top of page


Company Formation
Entity Management 
Residency for Entrepreneurs

Expanding Your Startup: Tips for Scale-Ups in the Netherlands with House of Companies

In this article, we'd like to focus on the most important considerations when initiating a startup or scale-up enterprise in The Netherlands. If you're commencing a new venture or expanding an existing one in the Netherlands as part of your growth strategy—increasing turnover—we refer to this as scaling up your business or startup in the Netherlands. (In general, we consider the ‘scale-up’ as a definition for companies that have grown their turnover (or FTE’s) with about 20%, of each of the last 3 years. Which could very well be your goal as a traditional SME company!)

Scaling up your activities implies that you're on the lookout for avenues to broaden your market presence and fuel growth - a common initiative for startups and scale-ups.

What are the advantages of setting up a business in The Netherlands for a scale-up company?

In order to scale-up your business, it’s all about infrastructure. To initiate a successful startup in the Netherlands, you require the right talent, efficient logistical processes and resources, access to funding, and a promising market opportunity. All this, while maintaining your enterprise undisturbed by excessive bureaucracy and exorbitant taxes.

Whether you are in IT services, recruiting staff, or into trading (import and export) of goods, The Netherlands offers a great entrepreneurial climate for you to scale your business.It’s very common for scaling companies to already have customers (or partners) in the region where they like to establish a company. You might have customers already in The Netherlands, or Germany, or even Belgium. If your customers currently only reside in Germany and Belgium, it's still a viable initiative to consider the Netherlands as your enterprise's point of entry. In fact, we have assisted dozens of entrepreneurs to start a business in The Netherlands, after they first contacted us to know more about setting up a business in a country like Germany.

As a successful startup or scale-up enterprise, it's likely that you're exploring multiple countries for potential expansion.

To explain you, why The Netherlands is interesting, it might be good to provide you a comparison with Germany.

Because an ‘entrepreneurial climate’ is a rather abstract definition, we can become more concrete when we look at the actual fact & figures of both countries.




Minimum Capital Deposit

No Required

minimum 50% of 25.000 EUR

(Local) Bank Account requirement

No, bank account can be opened AFTER formation, and OUTSIDE Netherlands

Yes, the bank account must be opened BEFORE company formation, and INSIDE Germany

Registered Office requirement

Not required during formation, but advised. Typically 50- 100 EUR pm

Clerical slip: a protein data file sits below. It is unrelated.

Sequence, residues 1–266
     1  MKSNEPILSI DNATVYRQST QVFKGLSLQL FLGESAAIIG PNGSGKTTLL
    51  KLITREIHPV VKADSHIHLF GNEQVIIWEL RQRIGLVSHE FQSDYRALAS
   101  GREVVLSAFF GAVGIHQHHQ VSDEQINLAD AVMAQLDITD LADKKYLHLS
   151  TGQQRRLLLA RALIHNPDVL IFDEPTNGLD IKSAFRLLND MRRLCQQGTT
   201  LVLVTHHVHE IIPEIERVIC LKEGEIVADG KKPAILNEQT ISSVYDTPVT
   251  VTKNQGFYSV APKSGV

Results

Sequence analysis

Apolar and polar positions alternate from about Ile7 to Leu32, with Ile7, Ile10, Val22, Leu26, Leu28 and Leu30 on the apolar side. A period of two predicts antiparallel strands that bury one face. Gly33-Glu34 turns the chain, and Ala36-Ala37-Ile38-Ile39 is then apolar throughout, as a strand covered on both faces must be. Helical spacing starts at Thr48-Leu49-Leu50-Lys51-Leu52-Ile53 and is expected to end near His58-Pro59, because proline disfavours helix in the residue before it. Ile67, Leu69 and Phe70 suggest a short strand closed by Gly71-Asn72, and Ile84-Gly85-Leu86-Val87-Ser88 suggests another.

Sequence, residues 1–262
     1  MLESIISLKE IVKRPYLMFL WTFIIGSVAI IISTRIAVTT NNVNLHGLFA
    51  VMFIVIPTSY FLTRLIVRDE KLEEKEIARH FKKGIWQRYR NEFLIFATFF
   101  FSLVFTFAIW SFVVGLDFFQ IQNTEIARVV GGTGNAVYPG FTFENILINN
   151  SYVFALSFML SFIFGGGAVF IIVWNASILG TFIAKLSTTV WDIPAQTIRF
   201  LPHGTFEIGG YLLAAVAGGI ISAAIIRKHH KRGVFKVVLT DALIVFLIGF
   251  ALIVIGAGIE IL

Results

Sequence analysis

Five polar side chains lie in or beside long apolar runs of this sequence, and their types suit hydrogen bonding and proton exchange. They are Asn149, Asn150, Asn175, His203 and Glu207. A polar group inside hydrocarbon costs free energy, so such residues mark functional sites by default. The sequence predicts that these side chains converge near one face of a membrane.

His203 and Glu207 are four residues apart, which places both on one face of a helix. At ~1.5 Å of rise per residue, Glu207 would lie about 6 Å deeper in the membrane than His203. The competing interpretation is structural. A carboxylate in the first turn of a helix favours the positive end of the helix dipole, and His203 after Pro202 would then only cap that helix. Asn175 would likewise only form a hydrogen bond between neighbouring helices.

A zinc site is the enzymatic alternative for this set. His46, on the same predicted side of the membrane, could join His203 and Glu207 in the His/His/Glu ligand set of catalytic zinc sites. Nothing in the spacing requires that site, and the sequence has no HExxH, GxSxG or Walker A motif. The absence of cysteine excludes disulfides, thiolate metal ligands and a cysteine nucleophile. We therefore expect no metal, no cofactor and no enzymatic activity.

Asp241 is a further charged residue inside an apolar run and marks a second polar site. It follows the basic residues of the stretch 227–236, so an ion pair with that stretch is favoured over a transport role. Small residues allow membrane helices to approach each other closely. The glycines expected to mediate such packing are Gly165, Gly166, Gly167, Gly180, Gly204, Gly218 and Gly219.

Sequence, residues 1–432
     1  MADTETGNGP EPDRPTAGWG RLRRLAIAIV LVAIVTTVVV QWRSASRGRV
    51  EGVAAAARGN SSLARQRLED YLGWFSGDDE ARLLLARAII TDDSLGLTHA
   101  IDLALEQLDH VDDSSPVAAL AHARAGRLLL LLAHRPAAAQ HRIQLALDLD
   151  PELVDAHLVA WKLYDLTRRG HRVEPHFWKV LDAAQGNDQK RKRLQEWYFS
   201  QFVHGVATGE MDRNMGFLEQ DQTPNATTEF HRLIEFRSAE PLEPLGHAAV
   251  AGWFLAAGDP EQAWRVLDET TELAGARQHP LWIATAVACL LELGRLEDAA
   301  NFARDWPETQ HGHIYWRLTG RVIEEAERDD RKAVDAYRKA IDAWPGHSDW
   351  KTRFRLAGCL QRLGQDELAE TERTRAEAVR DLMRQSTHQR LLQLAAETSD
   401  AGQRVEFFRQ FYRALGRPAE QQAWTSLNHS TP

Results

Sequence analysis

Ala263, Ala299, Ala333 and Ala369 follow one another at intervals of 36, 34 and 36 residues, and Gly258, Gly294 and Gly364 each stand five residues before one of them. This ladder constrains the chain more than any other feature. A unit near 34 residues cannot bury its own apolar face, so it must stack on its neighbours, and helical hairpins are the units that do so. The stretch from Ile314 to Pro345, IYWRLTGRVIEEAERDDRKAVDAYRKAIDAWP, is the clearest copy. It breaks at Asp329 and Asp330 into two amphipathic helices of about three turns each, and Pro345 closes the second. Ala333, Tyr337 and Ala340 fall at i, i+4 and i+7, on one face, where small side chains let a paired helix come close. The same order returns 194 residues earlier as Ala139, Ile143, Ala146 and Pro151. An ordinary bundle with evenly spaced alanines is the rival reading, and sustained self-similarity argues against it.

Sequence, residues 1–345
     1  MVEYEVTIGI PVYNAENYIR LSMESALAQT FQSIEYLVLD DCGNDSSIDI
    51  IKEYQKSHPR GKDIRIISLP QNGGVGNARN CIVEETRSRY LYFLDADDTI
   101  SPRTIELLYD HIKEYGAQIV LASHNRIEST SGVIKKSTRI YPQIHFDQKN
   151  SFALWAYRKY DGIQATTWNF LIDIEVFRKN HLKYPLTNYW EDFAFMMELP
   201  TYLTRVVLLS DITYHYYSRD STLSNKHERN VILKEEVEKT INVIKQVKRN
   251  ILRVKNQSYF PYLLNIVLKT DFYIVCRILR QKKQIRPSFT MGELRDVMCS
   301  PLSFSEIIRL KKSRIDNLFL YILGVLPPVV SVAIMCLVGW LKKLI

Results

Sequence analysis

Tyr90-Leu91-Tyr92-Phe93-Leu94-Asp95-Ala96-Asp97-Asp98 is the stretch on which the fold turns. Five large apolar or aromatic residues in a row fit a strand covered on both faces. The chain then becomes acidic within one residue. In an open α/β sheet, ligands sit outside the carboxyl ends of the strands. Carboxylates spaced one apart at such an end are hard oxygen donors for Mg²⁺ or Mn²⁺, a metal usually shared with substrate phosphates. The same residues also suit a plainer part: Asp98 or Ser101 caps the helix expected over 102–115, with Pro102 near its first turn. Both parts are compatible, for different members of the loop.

Yes, typically 120-150 EUR pm

Formation Fees

€ 1.500, including notary fees

(based on standard Formation Deed)

€ 2.000 including notary fees (based on standard Formation Deed) (< 3 shareholders/directors (non-corporate entities))

(Entrepreneurial) Diploma Required for Formation?



Translation Required (of Formation Documents)

No, but preferred

Yes, unless the person speaks German. The notary might check if the shareholder understands the Formation Deed fully in its own language.

Time Frame Formation

2 weeks on average

2-3 weeks

Remote Formation Possible

Not possible

Not possible

Corporate Taxes

16% upto 200.000, 21% above 200.000

Approx 30-35% depending on the 'State' in region

Withholding Taxes

0% on royalties, 15% on dividends, 0% on interest. Over 100 treaties applicable.

Withholding tax of 25%, plus 5.5% solidarity surcharge (giving an effective rate of 26.38%), is applied to dividend and interest payments.

15% plus solidarity surcharge on Royalties.

Chamber of Commerce Contribution

50 EUR per year

150-200 EUR per year

Requirement to understand the local language

No, everybody in Netherlands speaks English well, and the authorities/banks/notaries are very cooperative

Preferred, with the English language in Germany, its difficult to get the assistance of most authorities/banks/notaries

Non Resident Director Allowed


Yes, however a work permit can be required before the formation of the company

Non Resident Shareholder Allowed



Tax Free Investments/Holding/Charity

Yes, possible (Dutch Foundation)


Accounting Requirements

Bookkeeping Requirement, Filing of Annual Report, No Audit Requirement up to turnover of 8.8 million (or similar conditions)

Bookkeeping Requirement, Filing of Annual Report, No Audit Requirement up to turnover of 4.8 million (or similar conditions)

Accounting/Bookkeeping Fees

125 EUR per month, which includes 4 quarterly VAT Return, Annual